This last statement pretty much zeros in on what I feel is a strong point of Michael’s music – its emotional content. Listening to it with eyes closed I was aware of experiencing it more on a feeling level than an intellectual one. As Michael said, his music is “primal and direct” in its conveyance. And I would agree. I found his choice of chord changes, progressions, and melodies to be quite evocative yet presented in a style that is often understated, and by his description, “introspective.” This is music that exudes an elegant simplicity which allows the listener room to intuit its essence and the intention of the composer.
As mentioned, a key descriptive word for Michael’s music is “evocative.” Listening to the first song, the title track, I was drawn in by the feeling that arose within me as it unfolded. On a composition entitled “The Life Before Us,” rolling arpeggios on the left hand provide momentum as the right hand traces a delicate melody that for me exuded an air of hopefulness. On “Emerald Sea,” a more pensive piece that echoes the influence of Satie, the power of perseverance is referenced in Michael’s poetry that describe this track – in an excerpt from the liner notes: “If I lost sight of the path I FOUND MY WAY BACK… When others turned away I KEPT THE FAITH…” This sense of being drawn forward also resonated for me in a track entitled “The Calling,” something I’m sure that many on the spiritual path can relate to. One piece in particular that I thought would be a perfect movie soundtrack is “Forever Home,” with its gentle yet dramatic ambience creating a cinematic feel that was perhaps inspired by Michael’s love of film and music. Of this track he writes: “There’s a place inside all of us. Deep within and secret… We take this place within us, all the days of our lives. We carry it, and it carries us…”
An element I was aware of in a number of Michael’s compositions is romanticism, and particularly in the appropriately titled “Amor.” This heartfelt piece unfolds tenderly in several movements and reminded me at times of the works of fellow pianist Suzanne Ciani. The album draws to a close with “Haunting Me,” featuring a wistful melody that lingers in the air like the fragrance of a flower. Quoting from the liner notes: “You’re in the sunlight surrounding my shadow. In the raindrops falling upon my face. And in the air that I breathe… You’re a part of me. Sustaining me. Haunting me… Always.”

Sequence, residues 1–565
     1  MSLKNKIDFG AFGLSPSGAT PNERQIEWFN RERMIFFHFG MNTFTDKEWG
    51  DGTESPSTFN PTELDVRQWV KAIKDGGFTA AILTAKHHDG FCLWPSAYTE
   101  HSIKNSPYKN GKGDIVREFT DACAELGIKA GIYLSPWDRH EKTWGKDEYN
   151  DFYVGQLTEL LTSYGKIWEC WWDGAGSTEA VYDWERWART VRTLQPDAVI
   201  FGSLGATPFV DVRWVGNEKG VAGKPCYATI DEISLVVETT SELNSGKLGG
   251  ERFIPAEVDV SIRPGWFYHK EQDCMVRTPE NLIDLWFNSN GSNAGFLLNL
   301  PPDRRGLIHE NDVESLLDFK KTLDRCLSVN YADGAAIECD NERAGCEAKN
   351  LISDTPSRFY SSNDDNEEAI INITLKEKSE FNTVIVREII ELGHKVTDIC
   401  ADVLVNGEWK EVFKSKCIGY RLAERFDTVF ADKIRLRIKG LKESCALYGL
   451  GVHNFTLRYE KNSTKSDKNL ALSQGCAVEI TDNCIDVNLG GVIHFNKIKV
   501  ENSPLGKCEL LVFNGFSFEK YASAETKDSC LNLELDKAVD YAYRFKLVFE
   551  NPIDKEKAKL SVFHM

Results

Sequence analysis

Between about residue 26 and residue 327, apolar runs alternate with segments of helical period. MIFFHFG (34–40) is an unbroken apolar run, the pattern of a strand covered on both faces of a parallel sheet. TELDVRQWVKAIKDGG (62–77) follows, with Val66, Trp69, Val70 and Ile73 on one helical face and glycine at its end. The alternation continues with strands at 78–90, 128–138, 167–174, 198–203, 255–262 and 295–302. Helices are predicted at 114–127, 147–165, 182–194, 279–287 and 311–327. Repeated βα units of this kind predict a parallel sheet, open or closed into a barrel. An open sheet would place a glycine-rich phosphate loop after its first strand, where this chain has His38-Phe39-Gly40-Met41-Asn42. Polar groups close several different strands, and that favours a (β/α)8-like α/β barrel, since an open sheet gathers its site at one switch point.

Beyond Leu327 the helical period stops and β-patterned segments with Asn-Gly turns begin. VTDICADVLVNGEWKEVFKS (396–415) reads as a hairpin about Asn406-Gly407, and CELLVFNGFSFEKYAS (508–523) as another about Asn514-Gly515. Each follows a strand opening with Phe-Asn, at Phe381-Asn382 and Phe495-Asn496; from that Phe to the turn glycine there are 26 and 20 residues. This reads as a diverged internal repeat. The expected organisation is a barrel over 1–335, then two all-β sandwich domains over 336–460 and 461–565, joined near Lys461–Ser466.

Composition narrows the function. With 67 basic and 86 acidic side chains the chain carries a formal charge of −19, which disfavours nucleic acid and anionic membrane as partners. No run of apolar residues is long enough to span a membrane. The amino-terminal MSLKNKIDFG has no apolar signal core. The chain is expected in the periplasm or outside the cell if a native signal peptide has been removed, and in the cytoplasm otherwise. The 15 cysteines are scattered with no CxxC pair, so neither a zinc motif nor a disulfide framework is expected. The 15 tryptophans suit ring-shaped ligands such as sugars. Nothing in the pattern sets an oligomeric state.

Reprinting these words here in linear sentence form doesn’t really do them justice compared to the way they are so artistically and graphically arranged in the booklet that accompanies the album. As mentioned earlier, this booklet is a work of art, including the striking cover image by Michael Vincent Manalo. At 24 pages in length it features Michael Samson’s thoughtfully poetic musings on each song along with beautiful color and black & white photography professionally shot on location along the rugged coastline of Washington State, where Michael has been living for the last couple years. It is visually stunning in its glossy finish with a full UV coating that was engineered with a custom made die. A lot of work and creativity went into creating this entire package that represents one integrated piece of artwork along with the music. Samples of the music and photography are available at Michael’s beautifully designed website, along with videos of him performing. Experiencing an artistic statement like this is something that will be missed as we move farther into the realm of downloading individual mp3 tracks from iTunes.
I was glad to have shared the album with a pianist and music teacher friend of mine, who was better able to pick out specific classical music influences that I was not as familiar with. This is not to imply that Rapture is a classical recording by any means, but it could appeal to those with leanings in this direction, as well as listeners who enjoy solo piano in a contemporary instrumental context. Michael Samson is an up and coming composer who is evolving into a promising future in the arts. I’m looking forward to his next release, West Bound which will be his first album featuring other instruments and full orchestration. Stay tuned!